The Religion of the Ancient Celts


Today we think of Celtic as a wide reference to Irish or Scottish culture and traditions. The Celtics, the islands first significant inhabitants, influenced Irish and Scottish culture, both in the past and the present. Celt traditions, activities, language and laws dictated the way of life in Ireland and Scotland for thousands of years and still governs many aspects of their life today. Both Ireland’s and Scotland’s national language were derived from the Celt language Gaelic. Their national sports and their musical instruments come from the Celts. The rich Irish legacy of art and mythology is attributable to Celtic influence. 

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We have plenty objects and other evidence of the Celts prior lives and time in Ireland and Scotland, but we can only guess at what their lives were like before they started to write things down. Their first writings were in the form of Ogham writing carved on stones and wood, and later in illuminated manuscripts that today’s historians have used to deduce information about this mystical ancient society from the traces they left behind. 

Did you know? 

  • There is no genetic relationship between Vikings and Celts, but they lived next to each other around 1000 BC, and the Celtic culture had a deep influence on ancient Germanic people. Therefore, they have much in common. 
  • The Celts were a people found in Iron Age Europe about 2,500 years ago, and who migrated westwards to Ireland and Scotland, where their descendants remain today.

“Patrick prayed against the “spells of women, smiths, and Druids,” — John Arnott MacCulloch, The Religion of the Ancient Celts 


John Arnott McCulloch is best known as one of Scotland’s pre-eminent scholars on Celtic Religion and Mythology. His most famous works include The Religion of the Ancient Celts and his lengthier The Mythology of All Races. He wrote The Religion of Ancient Celts in 1911, during a lengthy stay in the Isle of Skye. McCulloch thought it would be easier to attempt the ancient religion there than in a busier or more common location, because it is where the old language of the people still survived, and where the Genius Loci (gods of the ancient European people) speaks here and there of things remote and strange.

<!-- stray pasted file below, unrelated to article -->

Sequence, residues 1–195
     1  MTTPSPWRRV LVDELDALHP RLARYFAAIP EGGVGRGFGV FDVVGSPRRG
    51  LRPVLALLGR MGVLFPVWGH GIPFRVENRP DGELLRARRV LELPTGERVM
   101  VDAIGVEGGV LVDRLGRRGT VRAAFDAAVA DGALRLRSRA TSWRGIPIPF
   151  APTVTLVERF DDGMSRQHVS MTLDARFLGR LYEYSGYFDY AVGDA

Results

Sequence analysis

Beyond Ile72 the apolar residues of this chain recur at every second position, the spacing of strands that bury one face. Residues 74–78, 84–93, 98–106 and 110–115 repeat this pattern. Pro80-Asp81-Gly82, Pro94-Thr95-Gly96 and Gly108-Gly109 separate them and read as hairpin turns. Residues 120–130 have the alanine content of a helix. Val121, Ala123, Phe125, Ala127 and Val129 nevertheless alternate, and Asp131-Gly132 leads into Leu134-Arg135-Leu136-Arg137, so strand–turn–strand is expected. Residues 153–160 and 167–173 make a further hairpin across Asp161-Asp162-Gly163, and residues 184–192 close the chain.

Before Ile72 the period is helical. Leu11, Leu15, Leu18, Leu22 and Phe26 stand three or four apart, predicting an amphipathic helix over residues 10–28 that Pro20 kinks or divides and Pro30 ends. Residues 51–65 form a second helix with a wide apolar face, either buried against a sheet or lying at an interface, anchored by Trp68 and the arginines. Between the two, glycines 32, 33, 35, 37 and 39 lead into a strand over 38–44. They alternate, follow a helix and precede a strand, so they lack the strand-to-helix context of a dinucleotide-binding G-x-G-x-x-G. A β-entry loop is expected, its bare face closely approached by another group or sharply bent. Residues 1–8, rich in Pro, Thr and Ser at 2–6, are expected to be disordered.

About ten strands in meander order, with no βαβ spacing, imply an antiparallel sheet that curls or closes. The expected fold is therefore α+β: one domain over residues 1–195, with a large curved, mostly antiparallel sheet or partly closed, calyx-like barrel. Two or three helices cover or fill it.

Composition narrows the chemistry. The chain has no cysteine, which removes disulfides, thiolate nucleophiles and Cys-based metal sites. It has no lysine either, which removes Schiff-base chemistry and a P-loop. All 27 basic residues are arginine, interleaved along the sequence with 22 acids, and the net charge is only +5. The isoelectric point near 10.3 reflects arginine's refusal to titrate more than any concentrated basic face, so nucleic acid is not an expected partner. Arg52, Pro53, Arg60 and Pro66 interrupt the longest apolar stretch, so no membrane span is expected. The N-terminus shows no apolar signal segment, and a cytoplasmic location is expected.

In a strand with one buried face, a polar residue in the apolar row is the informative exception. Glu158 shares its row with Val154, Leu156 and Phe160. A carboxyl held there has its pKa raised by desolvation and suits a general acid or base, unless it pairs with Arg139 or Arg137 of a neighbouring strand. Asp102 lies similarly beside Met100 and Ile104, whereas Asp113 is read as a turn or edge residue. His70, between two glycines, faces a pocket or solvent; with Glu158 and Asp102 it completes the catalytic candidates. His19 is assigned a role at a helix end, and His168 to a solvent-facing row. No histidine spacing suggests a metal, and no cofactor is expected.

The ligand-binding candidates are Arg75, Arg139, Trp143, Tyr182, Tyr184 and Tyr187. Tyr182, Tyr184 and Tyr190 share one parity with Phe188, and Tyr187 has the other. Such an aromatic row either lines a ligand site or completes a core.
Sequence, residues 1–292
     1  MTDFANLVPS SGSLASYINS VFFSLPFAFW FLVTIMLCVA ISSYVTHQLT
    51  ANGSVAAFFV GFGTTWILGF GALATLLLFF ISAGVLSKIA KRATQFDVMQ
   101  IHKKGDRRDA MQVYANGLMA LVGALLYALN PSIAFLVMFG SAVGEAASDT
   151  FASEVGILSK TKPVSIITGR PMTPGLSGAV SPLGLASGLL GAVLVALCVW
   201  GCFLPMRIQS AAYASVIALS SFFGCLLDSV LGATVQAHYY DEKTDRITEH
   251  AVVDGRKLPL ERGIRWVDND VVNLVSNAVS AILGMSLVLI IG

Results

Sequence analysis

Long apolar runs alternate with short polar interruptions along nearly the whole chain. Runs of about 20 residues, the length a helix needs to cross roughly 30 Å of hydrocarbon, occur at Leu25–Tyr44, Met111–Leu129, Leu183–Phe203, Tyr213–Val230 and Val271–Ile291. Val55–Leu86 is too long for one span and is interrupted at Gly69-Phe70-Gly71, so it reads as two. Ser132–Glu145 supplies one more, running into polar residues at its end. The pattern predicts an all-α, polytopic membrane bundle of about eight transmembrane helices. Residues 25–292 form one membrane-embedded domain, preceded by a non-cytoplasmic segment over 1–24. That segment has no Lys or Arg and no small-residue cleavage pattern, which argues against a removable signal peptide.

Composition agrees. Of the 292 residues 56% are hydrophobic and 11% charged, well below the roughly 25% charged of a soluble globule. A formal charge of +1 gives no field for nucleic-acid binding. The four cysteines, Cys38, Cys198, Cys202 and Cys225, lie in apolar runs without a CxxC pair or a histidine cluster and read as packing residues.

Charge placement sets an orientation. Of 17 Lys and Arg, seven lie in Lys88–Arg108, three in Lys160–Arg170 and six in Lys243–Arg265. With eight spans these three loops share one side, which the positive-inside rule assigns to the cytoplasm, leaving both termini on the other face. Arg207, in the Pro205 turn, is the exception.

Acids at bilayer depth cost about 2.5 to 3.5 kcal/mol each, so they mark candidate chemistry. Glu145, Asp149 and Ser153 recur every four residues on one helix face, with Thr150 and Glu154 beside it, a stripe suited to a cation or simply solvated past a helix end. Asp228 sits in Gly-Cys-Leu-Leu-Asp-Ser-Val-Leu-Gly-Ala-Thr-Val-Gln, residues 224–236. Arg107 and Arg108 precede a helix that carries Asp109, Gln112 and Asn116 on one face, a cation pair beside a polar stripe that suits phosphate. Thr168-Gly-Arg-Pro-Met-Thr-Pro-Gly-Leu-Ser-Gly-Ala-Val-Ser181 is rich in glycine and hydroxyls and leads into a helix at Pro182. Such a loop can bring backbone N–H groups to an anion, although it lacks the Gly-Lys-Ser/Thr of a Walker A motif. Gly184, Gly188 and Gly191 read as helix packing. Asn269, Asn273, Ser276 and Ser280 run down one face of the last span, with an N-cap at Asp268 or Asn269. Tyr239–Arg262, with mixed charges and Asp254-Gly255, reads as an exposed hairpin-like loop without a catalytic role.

In this book, he compares Celtic mythology and religion with the beliefs of early Scandinavian society. Vikings and Norsemen who raided British shores ruled parts of Britain for centuries. The religion of the Scandinavians was the same as the religious beliefs and practices of their fellow Teutonic and Germanic tribes, and their chief deities and religious rituals were like those of Teutonic people anywhere. 

The traditional Celtic type, whether pre-Celtic, Celtic, or Norse, have all spoken a Celtic dialect and exhibit the same venerable Celtic characteristics: vanity, loquacity, excitability, fickleness, imagination, romanticism, fidelity, attachment to family ties, affection for their country, religiosity passing over to superstition, and a high degree of sexual morality.

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